Our group has also benefited from the growing importance of the Russian market in Europe. Several major Ogilvy clients have made Russia their hub for the development of marketing and communication programs. Ogilvy Group Russia develops 360 programs based on consumer insights, which are gathered and analyzed by our team of local strategic planners. A highly relevant creative idea is the quintessence of every good communication program. In order to guarantee this, we have the executive creative director for CEE based in Russia. He not only utilizes the resources in Russia, but also calls upon teams in other CEE countries to participate in developing the best idea and program for our clients.

All in all, the recession has not hindered but has helped Ogilvy Russia to develop beyond its international focus, making it a stronger, local force in the market.

SN Rane

Can you provide an overview of Ogilvy & Mather’s business in India?

Ogilvy is a 360 agency in India, offering complete communications solutions including advertising, one-to-one (including online), public relations and activation (including retail and ground activation), green communication, and health care solutions. It is perhaps the only large agency network in India that offers full-brand solutions having six offices in big metropolitan areas.

How does Ogilvy & Mather differentiate itself from its competitors in India?

Ogilvy is differentiated on three counts: great work that works, 360, and culture. Remaining in the number-one position as “The Most Admired Agency” for a decade puts Ogilvy head and shoulders above the competition.

The culture of creativity, openness, daring, ruthless on work but never ruthless on people, competitiveness, and “gentlemen (and women) with brains” makes Ogilvy a distinct place to work for.

How has India been impacted by the global economic downturn?

Some sectors, such as the real estate, financial, and auto sectors have been directly hit by the global downturn. The rest of the industry has, however, been driven more by sentiment rather than by fact, causing a slowdown in 2009.

What are the key priorities for Ogilvy & Mather in India in 2010?

The first priority for Ogilvy in India is to retain its creative leadership in everything it does, from business practices to the end product. The other key priorities are to stay ahead of the curve by developing and delivering strong solutions in the digital and “last mile” retail space to clients, and to find and retain the best talent, which will ensure Ogilvy remains cutting edge in its 360 offering.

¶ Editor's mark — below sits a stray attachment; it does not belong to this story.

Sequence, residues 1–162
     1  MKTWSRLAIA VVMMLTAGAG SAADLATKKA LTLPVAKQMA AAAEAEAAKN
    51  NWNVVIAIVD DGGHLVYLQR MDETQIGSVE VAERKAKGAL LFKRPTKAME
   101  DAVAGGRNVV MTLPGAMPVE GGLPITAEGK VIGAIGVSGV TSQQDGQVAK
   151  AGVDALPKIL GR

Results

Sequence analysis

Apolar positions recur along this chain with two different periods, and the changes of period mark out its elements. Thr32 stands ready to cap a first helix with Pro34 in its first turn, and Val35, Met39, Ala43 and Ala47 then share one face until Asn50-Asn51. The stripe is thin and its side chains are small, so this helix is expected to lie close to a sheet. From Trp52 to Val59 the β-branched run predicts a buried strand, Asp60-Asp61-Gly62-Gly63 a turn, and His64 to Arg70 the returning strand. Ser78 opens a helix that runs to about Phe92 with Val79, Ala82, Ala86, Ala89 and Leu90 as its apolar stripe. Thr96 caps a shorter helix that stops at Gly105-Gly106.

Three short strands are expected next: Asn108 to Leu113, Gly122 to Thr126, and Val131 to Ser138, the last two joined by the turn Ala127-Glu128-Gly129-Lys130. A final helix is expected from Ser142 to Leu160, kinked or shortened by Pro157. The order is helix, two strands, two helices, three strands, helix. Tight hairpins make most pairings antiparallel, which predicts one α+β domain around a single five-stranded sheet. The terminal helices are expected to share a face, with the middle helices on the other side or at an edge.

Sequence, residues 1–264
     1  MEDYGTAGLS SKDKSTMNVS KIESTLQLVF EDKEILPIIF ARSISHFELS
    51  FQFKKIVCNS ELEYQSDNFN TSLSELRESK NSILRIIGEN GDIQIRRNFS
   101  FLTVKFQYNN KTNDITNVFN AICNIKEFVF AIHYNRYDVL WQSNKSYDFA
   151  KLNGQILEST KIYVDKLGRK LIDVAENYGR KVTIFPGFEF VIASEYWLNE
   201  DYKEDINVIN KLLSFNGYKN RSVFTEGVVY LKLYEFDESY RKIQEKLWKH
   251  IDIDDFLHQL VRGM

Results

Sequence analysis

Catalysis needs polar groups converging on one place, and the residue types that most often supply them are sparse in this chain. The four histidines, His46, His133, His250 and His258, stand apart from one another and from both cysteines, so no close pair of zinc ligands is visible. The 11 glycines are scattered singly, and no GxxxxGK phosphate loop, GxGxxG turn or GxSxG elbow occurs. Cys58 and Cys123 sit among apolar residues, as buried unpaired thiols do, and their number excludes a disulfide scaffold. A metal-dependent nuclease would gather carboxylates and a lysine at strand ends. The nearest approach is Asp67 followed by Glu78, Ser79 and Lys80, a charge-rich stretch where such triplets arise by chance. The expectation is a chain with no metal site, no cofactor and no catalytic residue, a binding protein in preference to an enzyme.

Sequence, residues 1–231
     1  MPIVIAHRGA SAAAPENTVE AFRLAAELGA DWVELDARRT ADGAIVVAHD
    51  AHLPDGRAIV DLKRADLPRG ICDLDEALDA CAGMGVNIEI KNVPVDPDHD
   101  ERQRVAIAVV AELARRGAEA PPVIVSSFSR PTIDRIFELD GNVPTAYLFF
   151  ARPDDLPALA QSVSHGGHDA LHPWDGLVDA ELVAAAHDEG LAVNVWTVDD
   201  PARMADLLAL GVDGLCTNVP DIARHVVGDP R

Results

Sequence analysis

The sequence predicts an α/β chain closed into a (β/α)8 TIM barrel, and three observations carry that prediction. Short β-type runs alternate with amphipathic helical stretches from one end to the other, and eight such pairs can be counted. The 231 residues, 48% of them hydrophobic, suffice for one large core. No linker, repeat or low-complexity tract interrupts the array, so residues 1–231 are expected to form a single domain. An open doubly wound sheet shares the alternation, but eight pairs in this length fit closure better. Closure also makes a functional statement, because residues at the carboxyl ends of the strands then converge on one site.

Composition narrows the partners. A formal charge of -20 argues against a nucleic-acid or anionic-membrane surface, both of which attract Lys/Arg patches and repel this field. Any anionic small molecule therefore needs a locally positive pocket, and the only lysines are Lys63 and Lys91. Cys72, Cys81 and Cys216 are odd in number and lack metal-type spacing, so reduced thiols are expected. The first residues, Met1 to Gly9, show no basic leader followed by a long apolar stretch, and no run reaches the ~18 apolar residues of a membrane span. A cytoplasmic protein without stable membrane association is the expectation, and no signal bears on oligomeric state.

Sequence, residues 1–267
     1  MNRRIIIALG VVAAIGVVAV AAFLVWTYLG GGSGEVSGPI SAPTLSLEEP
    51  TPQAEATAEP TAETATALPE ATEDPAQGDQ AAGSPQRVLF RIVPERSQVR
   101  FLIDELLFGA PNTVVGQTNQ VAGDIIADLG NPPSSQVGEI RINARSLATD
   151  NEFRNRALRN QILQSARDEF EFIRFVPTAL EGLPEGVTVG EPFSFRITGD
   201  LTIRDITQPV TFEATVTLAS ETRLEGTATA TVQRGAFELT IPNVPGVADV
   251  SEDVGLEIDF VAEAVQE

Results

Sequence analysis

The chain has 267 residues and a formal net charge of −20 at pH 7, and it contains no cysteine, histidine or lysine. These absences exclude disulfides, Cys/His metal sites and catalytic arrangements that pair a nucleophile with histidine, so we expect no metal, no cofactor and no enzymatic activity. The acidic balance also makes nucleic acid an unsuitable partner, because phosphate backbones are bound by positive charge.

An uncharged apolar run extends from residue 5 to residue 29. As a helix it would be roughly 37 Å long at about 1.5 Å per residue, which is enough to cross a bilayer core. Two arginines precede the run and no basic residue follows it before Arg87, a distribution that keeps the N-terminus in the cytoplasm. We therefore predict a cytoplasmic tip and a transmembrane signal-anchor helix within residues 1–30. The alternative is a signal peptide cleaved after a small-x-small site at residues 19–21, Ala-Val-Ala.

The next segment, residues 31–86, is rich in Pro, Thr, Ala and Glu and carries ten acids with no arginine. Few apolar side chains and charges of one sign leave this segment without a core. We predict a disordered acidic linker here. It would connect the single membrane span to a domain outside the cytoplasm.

TB Song

How has business in China been affected by the economic downturn?

Premier Wen Jiabao said in March 2009 that this was “the most difficult year for China’s economic development, this century.” Nevertheless, despite a precipitous drop in exports – around 25 percent in the first half of 2009 – economic activity continued to expand with GDP rising 8.9 percent in the third quarter of 2009. Spurred by the government’s $585 billion stimulus package, China’s domestic consumption grew consistently over the past year. If China was an export-dependent economy two years ago, it isn’t any more. China is continuing to cultivate domestic growth engines, which have had a reciprocal impact on the marketing communications industry. Chinese firms are continuing to increase their marketing budgets, while MNC firms, after some instability and uncertainty, are regaining confidence and allocating a greater proportion of their resources to their China operations.

While Ogilvy was not immune to the shift in general market dynamics, our scale and broadly diversified business and client base helped us to emerge stronger. Our positioning as the leading consumer insights company in China, with deep experience in building, maintaining, and protecting brands, has provided the stability needed in such volatile economic periods. Today, we have an equal client balance of domestic Chinese companies and MNCs that have deep roots in the local market. In addition, it has accelerated the push towards more mature and strategic digital marketing efforts, where our offerings – particularly in China – are strong. Aside from growing investment in the China market, many Chinese firms have their sights set on foreign markets. Similar to the way we have structured our global network to support Lenovo’s worldwide aspirations, we are using that model to help other domestic brands address their global opportunities.